Nicomedes was an ancient Greek mathematician. Nothing is known about Nicomedes' life apart from references in his works. Studies have stated that Nicomedes was born in about 280 BC and died in about 210 BC, it is known that he lived around the time of Eratosthenes or after, because he criticized Eratosthenes' method of doubling the cube. It is known that Apollonius of Perga called a curve of his creation a "sister of the conchoid", suggesting that he was naming it after Nicomedes' famous curve, it is believed that Nicomedes lived after Eratosthenes and before Apollonius of Perga. Like many geometers of the time, Nicomedes was engaged in trying to solve the problems of doubling the cube and trisecting the angle, both problems we now understand to be impossible using the tools of classical geometry. In the course of his investigations, Nicomedes created the conchoid of Nicomedes. Nicomedes discovered three distinct types of conchoids, now unknown. Pappus wrote: "Nicomedes trisected any rectilinear angle by means of the conchoidal curves, the construction and properties of which he handed down, being himself the discoverer of their peculiar character".
Nicomedes used the Hippias' quadratrix to square the circle, since according to Pappus, "For the squaring of the circle there was used by Dinostratus and certain other persons a certain curve which took its name from this property, for it is called by them square-forming". Eutocius mentions that Nicomedes "prided himself inordinately on his discovery of this curve, contrasting it with Eratosthenes's mechanism for finding any number of mean proportionals, to which he objected formally and at length on the ground that it was impracticable and outside the spirit of geometry". T. L. Heath, A History of Greek Mathematics. G. J. Toomer, Biography in Dictionary of Scientific Biography. O'Connor, John J..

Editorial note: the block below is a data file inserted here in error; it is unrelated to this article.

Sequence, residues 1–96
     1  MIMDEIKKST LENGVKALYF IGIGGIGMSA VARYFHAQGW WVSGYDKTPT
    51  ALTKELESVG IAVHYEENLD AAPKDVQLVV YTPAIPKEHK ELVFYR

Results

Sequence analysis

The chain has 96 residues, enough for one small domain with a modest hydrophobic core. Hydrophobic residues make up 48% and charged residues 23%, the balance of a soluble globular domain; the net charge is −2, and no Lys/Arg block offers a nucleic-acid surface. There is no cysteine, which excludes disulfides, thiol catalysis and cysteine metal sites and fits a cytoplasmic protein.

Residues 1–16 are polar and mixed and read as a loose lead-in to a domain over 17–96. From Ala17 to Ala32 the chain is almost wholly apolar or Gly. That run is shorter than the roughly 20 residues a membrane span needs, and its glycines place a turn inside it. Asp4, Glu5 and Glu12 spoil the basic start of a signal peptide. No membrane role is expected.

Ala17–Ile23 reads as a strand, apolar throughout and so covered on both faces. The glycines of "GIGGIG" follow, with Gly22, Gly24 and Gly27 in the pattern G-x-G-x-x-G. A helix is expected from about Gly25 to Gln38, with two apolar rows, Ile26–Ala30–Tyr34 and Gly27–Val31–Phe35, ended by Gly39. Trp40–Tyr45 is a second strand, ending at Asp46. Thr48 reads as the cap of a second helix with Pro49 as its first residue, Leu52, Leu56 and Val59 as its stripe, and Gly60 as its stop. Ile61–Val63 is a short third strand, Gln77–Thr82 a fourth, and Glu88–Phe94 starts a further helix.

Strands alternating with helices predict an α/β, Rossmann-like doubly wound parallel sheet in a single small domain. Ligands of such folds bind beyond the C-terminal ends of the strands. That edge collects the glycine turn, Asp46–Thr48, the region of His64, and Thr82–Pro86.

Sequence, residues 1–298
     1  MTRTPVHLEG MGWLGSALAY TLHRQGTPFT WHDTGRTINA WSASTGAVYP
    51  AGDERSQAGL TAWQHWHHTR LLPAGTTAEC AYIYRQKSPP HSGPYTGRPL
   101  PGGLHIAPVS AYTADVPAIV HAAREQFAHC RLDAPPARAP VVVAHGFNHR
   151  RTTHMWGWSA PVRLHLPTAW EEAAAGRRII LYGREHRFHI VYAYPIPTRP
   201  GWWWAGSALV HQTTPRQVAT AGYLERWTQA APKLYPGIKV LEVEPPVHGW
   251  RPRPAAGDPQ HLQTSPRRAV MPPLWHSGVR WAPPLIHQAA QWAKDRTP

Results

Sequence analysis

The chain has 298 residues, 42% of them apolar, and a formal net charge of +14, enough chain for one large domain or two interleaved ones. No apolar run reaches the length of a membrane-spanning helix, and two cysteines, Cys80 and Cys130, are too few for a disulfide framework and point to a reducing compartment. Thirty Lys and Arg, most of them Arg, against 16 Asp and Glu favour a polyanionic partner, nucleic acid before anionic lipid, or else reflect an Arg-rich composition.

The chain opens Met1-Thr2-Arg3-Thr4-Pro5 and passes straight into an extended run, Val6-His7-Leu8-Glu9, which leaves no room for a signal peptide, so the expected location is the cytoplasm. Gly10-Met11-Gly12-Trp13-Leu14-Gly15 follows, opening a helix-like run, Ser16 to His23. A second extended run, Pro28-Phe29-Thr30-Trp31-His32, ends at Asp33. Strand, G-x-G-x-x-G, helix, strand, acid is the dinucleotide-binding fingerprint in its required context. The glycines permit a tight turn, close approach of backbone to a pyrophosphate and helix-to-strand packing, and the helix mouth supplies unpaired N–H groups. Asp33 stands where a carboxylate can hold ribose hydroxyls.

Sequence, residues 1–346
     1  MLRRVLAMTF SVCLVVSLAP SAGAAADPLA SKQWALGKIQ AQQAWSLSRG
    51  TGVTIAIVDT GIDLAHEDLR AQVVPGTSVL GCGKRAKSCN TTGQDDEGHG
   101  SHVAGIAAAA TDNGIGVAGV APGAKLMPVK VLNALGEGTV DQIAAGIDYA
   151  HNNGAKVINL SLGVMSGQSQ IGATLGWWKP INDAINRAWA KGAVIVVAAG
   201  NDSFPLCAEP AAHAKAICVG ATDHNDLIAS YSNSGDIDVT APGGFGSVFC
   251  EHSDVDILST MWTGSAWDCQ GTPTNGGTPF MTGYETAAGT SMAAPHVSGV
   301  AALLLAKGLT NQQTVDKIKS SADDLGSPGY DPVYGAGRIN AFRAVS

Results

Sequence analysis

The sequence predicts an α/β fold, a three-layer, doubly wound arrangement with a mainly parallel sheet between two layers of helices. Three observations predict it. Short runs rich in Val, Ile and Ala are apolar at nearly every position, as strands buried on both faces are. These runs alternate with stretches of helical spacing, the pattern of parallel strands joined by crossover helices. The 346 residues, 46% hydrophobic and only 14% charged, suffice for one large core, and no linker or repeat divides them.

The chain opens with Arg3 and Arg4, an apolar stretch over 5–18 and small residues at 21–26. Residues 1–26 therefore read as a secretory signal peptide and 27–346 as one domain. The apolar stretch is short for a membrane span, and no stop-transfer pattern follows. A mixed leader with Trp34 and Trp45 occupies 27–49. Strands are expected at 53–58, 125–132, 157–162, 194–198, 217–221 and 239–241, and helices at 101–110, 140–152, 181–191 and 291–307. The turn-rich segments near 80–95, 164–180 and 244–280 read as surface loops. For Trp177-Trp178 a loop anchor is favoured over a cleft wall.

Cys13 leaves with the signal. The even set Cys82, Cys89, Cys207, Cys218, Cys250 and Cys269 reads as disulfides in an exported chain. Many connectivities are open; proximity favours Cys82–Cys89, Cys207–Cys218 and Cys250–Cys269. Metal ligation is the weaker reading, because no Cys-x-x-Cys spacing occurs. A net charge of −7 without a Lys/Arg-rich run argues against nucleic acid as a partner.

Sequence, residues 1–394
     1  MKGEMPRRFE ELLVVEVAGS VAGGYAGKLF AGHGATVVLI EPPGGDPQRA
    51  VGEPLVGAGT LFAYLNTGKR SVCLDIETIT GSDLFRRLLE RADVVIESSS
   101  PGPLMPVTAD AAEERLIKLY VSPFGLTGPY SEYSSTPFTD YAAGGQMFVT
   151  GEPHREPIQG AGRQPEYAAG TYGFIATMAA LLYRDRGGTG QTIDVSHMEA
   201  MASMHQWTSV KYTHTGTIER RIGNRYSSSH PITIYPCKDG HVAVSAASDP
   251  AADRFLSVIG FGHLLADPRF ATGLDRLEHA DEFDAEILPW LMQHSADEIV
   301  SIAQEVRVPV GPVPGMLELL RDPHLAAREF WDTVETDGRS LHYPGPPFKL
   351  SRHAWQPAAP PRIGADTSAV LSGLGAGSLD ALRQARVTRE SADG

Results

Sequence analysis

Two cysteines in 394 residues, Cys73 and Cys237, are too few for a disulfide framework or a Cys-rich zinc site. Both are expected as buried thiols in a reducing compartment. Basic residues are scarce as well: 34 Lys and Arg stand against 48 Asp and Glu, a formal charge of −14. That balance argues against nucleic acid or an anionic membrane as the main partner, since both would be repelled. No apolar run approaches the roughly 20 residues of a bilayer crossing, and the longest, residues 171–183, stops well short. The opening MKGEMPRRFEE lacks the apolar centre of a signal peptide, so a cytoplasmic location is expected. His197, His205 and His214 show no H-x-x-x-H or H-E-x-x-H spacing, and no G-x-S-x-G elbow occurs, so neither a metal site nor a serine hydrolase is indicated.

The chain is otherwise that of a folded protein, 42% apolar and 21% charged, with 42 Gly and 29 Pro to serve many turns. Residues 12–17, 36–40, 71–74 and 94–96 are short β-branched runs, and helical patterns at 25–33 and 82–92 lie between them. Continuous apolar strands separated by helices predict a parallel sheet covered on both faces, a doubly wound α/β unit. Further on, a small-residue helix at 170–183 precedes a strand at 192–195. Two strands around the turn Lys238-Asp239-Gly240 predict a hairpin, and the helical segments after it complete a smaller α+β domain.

Isidore of Miletus
Isidore of Miletus was one of the two main Byzantine Greek architects that Emperor Justinian I commissioned to design the cathedral Hagia Sophia in Constantinople from 532 to 537. The creation of an important compilation of Archimedes' works has been attributed to him; the spurious Book XV from Euclid's Elements has been attributed to Isidore of Miletus. Isidore of Miletus was a renowned mathematician before Emperor Justinian I hired him. Isidorus taught stereometry and physics at the universities, first of Alexandria of Constantinople, wrote a commentary on an older treatise on vaulting. Eutocius together with Isidore studied Archimedes work. Isidore is renowned for producing the first comprehensive compilation of Archimedes' work, the Archimedes palimpsest survived to the present. Emperor Justinian I appointed his architects to rebuild the Hagia Sophia following his victory over protesters within the capital city of his Roman Empire, Constantinople; the first basilica was completed in 360 and remodelled from 404 to 415, but had been damaged in 532 in the course of the Nika Riot, “The temple of Sophia, the baths of Zeuxippus, the imperial courtyard from the Propylaia all the way to the so-called House of Ares were burned up and destroyed, as were both of the great porticoes that lead to the forum, named after Constantine, houses of prosperous people, a great deal of other properties.”The warring factions of Byzantine society, the Blues and the Greens, opposed each other in the chariot races at the Hippodrome and resorted to violence.